Gluten-Free Soy-Free Living- Challenge #3 Gluten Free Vegetarian Sushi without the soy sauce (and without missing it!)
Recipes, Tricks and tips for gloriously yummy (and healthy) Japanese dining- out AND at home!
Past Episodes
Gluten-Free Soy-Free Living- Challenge #1 Gluten-Free,Soy-Free, Dairy-Free Chocolate Chip Cookies

Soy-Free Chinese Jicama Stir Fry
1/2 cup Canola Oil (or peanut, if allergies don’t forbid)
1 tbsp. szechuan peppercorns
a few slices of fresh ginger
2 large garlic cloves
2 scallions, just the white part

1 small jicama or 3/4 large jicama, peeled and cut into sticks
2 carrots, peeled and cut into sticks
8 med-lg. mushrooms (white or crimini), washed, stems removed, sliced

1/4 tsp. salt (NO LESS! Chinese food NEEDS the saltiness, and remember, you’ve already cut down on sodium by not using soy sauce)
2 tsp. fresh ginger, minced

1/2 cup vegetable stock (or make from vegetable bullion)
1 tsp. mirin
1 tsp. brandy
1/2 tsp. rice vinegar
2 tsp. honey
a touch of salt
1 tsp. cornstarch
(the important measurements here are the VEG STOCK AND CORNSTARCH. proportions of the alcohol and honey etc. are estimated- just add until you’ve created a balance in sauce that you like. This isn’t a lip-smackingly yummy sauce on its own- it is to add depth of flavor to well seasoned vegetables that are already flavorful)

Szechuan oil:
Heat a wok on high and add Szechuan to pan, tossing lightly. Turn heat to low and toast peppercorn lightly, stirring frequently- about a minute and a half. Add the peanut oil and raise heat to medium or medium high, depending on your stove. Once oil begins to bubble lightly (if it ever does), add ginger, and garlic cloves. Lower heat and let cook until the garlic cloves and ginger turns brown. You may want to turn them in the oil to get them brown on both sides. When they are golden brown remove them and discard. Add in the white part of the scallions and let it brown, and then remove it from the oil and discard. You should have nicely flavored oil by now. If you have the patience, let cool and strain into a glass container (with a lid). If you don’t have the patience, strain with heat resistant metal strainer after letting it reach a cooler temperature into a heat resistant metal or glass. You don’t need to clean your wok if you are planning on immediately making this stir fry.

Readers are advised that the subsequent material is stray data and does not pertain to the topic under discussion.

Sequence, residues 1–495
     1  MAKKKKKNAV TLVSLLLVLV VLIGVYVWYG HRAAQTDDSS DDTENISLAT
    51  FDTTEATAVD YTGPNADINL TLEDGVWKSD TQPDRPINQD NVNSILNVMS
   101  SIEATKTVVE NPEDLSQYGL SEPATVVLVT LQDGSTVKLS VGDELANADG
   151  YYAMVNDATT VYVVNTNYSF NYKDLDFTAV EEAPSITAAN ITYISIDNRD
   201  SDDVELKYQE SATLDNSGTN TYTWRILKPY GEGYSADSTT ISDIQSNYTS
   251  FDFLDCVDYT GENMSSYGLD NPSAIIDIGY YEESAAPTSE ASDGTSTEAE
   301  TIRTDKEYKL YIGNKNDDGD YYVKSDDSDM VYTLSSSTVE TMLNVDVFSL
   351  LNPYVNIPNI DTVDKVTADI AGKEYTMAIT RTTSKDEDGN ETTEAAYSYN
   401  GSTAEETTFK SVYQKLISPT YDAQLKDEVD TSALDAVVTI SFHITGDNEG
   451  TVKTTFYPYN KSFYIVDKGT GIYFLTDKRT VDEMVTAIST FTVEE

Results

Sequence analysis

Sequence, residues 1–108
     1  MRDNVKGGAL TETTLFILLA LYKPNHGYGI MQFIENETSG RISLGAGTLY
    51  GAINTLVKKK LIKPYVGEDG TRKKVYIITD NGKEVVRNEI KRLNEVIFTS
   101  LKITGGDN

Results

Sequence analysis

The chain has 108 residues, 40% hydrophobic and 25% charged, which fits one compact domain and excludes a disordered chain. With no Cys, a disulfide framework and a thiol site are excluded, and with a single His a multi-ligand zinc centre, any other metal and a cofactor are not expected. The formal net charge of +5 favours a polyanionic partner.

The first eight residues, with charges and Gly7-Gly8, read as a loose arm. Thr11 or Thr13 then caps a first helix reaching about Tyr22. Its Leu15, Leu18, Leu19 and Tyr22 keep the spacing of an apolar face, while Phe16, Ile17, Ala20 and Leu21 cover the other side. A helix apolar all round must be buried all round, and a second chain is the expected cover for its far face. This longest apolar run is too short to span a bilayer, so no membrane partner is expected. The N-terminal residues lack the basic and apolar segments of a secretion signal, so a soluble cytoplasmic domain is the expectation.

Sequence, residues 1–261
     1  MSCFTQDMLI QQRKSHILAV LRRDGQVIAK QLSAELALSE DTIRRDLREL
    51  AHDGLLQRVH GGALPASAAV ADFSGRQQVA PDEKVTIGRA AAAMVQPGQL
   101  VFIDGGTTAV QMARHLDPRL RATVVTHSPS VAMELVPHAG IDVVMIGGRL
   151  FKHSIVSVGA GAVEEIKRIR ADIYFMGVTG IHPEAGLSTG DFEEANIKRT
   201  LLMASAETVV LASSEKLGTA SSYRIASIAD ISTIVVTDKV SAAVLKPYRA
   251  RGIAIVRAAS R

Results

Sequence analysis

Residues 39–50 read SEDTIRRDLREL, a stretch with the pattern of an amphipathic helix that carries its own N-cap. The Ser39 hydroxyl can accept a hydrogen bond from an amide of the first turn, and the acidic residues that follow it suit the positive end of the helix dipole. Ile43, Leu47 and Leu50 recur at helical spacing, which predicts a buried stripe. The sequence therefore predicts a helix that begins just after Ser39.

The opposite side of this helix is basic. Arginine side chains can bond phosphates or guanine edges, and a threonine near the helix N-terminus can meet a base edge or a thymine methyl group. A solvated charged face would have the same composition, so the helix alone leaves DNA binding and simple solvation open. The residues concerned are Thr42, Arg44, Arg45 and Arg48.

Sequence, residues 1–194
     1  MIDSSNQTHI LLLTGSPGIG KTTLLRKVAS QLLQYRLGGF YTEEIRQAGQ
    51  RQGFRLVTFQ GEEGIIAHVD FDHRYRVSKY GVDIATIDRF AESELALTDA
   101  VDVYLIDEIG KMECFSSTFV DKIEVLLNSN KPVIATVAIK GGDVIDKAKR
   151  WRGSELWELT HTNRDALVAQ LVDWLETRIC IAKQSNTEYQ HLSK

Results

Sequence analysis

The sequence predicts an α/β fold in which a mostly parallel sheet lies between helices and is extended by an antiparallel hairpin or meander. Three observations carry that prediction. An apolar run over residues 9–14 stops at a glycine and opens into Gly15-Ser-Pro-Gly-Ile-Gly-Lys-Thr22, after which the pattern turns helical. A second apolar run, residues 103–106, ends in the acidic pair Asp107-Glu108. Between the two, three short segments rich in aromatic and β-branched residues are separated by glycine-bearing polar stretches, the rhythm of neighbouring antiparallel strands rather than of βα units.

Mix your sauce ingredients in a small bowl and reserve. Add cornstarch last by mixing it with a small amount of the sauce first and then adding it to the sauce.

Take two tablespoons of the flavored oil and heat in your wok over high heat.

Toss in your salt and then, a few seconds later, your fresh minced ginger. As it starts to brown, throw in your jicama sticks. Move them in the wok with cooking chopsticks or other wooden cooking device (I have a wooden paddle thing I’m rather fond of) to allow them to brown evenly and not burn as well as get evenly coated with the yummy oil. After two minutes or so, add in the mushrooms, and then the carrots. You do NOT want to overcook the carrots, so watch them carefully. You want the mushrooms to be nice and soft and melty and the carrots to be crisp tender. Continue moving the food around as needed. When the dish seems ALMOST done, stir your sauce one last time and create a well in the center of the wok. Add the sauce to the center of the wok and then fold in the veggies as it thickens. Make sure the sauce has evenly coated all the veggies and then turn off the heat. Remove from wok and place in serving dish.